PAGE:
The Rushmore Report: Top Five Presidential Upsets


Hillary Clinton leads Donald Trump by five points in the latest Real Clear Politics average. While the margin has come down a bit, and though Trump has a slim lead in a few outlier polls, Clinton’s lead has held steady since the debates. Even the recent revelations from her latest email dumps have not erased her lead. Many pundits say the race is over. Not so quick! Consider the top five upsets in presidential election history.

1. Thomas Dewey vs Harry Truman (1948)

The Chicago Daily Tribune headline famously declared “Dewey Defeats Truman,” but the incumbent Democratic president actually won by just over two million votes. The outcome remains the gold standard of foregone conclusions and head-turning upsets. Almost no one predicted a Truman win.

2. Grover Cleveland vs Benjamin Harrison (1888)

Harrison, the Republican nominee, defeated President Cleveland amid claims of voter fraud (sound familiar?) in New York and Indiana. Cleveland won the popular vote by more than 90,000, but Harrison carried the Electoral College, 233-168.

3. John Quincy Adams vs Andrew Jackson (1828)

The huge voter turnout helped defeat the incumbent, Adams, and put a “Westerner” in the White House for the first time. Jackson was the outsider of the day, when most presidents came from Virginia or Massachusetts.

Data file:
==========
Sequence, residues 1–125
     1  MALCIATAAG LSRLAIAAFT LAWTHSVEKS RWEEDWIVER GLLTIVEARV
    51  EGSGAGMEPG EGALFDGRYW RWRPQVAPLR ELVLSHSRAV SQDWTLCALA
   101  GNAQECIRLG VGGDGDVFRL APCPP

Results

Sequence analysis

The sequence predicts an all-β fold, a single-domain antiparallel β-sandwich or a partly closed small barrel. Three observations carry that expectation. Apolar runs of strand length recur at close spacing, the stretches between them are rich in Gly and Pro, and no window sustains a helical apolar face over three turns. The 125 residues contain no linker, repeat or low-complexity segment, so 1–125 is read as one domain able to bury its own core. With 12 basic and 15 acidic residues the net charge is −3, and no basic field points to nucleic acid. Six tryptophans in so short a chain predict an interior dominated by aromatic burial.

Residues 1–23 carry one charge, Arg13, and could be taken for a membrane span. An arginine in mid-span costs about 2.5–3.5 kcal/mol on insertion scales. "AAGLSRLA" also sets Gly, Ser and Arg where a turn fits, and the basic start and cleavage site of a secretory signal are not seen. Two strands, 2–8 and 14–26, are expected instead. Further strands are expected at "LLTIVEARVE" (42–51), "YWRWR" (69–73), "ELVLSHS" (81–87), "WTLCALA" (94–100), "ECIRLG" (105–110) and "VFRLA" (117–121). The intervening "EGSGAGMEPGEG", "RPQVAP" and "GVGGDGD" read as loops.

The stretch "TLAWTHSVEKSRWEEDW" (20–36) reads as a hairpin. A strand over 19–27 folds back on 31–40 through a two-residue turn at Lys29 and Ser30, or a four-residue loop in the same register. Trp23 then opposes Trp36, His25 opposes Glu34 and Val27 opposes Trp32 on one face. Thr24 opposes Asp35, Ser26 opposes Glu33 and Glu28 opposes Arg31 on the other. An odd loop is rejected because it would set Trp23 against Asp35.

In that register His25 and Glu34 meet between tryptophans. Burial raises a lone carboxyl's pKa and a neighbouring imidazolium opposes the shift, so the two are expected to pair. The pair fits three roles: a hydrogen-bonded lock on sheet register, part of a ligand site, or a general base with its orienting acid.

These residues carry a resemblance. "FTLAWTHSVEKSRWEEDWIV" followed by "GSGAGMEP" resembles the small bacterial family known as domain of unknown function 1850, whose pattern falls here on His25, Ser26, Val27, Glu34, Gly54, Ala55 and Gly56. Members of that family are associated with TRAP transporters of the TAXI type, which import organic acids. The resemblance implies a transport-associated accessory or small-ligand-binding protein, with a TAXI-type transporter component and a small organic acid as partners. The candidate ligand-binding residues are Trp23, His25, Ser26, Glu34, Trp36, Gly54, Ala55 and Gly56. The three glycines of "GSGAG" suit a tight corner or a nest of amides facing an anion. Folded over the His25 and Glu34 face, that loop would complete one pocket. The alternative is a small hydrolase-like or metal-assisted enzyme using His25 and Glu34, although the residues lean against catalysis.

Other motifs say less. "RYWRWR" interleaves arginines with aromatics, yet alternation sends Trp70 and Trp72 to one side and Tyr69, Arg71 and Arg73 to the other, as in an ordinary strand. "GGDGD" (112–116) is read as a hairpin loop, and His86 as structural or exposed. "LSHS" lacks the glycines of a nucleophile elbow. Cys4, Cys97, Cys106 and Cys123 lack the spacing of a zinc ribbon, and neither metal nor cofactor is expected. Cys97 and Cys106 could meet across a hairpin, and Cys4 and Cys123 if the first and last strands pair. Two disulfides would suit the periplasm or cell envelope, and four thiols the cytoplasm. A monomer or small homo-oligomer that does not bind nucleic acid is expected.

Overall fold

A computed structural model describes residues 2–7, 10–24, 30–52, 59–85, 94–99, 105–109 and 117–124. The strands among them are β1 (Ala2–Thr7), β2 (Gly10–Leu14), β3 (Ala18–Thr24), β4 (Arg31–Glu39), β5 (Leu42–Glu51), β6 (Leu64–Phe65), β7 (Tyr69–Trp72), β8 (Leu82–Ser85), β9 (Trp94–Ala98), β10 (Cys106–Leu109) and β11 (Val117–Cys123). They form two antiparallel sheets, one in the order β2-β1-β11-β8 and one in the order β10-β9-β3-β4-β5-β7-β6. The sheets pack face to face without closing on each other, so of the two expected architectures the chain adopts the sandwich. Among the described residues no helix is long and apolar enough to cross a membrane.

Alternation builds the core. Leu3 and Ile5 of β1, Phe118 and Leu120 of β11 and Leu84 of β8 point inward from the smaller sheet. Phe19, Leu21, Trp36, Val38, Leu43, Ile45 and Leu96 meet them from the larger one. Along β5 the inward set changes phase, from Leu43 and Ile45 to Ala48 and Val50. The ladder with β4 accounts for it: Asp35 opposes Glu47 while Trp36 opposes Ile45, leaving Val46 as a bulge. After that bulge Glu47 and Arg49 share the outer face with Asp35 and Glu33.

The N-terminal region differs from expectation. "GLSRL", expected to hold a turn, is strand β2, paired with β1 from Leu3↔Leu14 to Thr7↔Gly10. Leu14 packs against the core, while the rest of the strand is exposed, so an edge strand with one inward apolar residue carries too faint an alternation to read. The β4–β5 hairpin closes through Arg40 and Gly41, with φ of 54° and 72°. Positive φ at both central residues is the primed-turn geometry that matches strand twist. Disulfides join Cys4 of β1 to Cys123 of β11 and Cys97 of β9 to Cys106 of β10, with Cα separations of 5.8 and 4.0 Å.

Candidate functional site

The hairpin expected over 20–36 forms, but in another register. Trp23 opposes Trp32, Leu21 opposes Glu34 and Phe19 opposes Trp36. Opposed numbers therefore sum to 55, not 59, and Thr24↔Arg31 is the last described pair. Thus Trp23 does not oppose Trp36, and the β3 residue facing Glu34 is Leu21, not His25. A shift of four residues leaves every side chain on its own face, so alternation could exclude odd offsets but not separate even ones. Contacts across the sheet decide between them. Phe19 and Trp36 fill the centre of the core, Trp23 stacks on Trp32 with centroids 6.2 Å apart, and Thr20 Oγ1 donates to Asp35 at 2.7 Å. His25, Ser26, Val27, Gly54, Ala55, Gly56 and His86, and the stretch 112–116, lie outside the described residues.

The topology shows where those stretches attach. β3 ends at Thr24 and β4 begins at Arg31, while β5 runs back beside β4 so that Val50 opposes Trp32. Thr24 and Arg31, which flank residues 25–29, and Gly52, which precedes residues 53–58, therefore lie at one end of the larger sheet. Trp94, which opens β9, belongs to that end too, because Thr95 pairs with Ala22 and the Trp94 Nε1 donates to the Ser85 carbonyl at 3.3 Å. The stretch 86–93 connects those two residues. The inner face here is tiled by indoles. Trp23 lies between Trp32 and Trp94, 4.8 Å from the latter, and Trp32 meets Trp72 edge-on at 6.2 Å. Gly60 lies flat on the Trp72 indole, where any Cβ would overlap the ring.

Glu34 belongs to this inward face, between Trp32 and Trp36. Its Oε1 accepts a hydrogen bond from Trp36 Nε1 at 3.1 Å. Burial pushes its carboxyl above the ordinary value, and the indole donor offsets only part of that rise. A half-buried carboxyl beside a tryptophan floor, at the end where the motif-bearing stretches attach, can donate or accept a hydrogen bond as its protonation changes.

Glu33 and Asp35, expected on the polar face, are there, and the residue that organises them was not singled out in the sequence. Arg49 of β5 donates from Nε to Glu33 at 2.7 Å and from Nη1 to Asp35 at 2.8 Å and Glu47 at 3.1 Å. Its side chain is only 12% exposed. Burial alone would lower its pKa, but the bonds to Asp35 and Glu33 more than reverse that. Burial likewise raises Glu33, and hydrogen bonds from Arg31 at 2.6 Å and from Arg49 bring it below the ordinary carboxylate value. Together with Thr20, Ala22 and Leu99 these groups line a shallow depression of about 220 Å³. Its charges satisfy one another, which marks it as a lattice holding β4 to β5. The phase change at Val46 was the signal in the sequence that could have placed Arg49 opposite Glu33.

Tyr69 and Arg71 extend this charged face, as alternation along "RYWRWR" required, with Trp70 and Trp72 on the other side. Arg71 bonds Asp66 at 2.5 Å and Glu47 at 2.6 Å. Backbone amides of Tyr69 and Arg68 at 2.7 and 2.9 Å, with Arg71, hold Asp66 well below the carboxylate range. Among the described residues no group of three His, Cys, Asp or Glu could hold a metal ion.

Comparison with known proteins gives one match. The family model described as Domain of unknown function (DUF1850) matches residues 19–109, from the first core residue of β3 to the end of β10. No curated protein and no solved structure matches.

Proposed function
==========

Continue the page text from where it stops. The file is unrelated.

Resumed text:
4. John F. Kennedy vs Richard Nixon (1960)

The sitting Vice President was heavily favored throughout the campaign. The election tide turned on Kennedy’s polished good looks and eloquent delivery during the first series of televised national debates available to most of the nation. In the end, it was the Democrat, Kennedy, who won the popular vote by the slimmest of margins – 49.7 to 49.5 percent. The Electoral College went for Kennedy, 303-219. The win produced the nation’s first Catholic president.

5. George H. W. Bush vs Bill Clinton (1992)

The Republican incumbent, Bush, was riding high the year before the election, on the heels of the United States’ victory in Desert Storm. His approval rating peaked at a record 93 percent. But it was Clinton, a Democrat and relative unknown from Arkansas, who proved to be as masterful a politician as the nation had seen since Ronald Reagan. Then there was the third-party candidate, Ross Perot, who tilted the election to Mr. Clinton, by garnering 19 percent of the vote, with most of that coming from Bush’s base vote.

So is Trump leading, two weeks before the election? No.

Can Trump still win? Yes.

It’s happened before – it can happen again.

 


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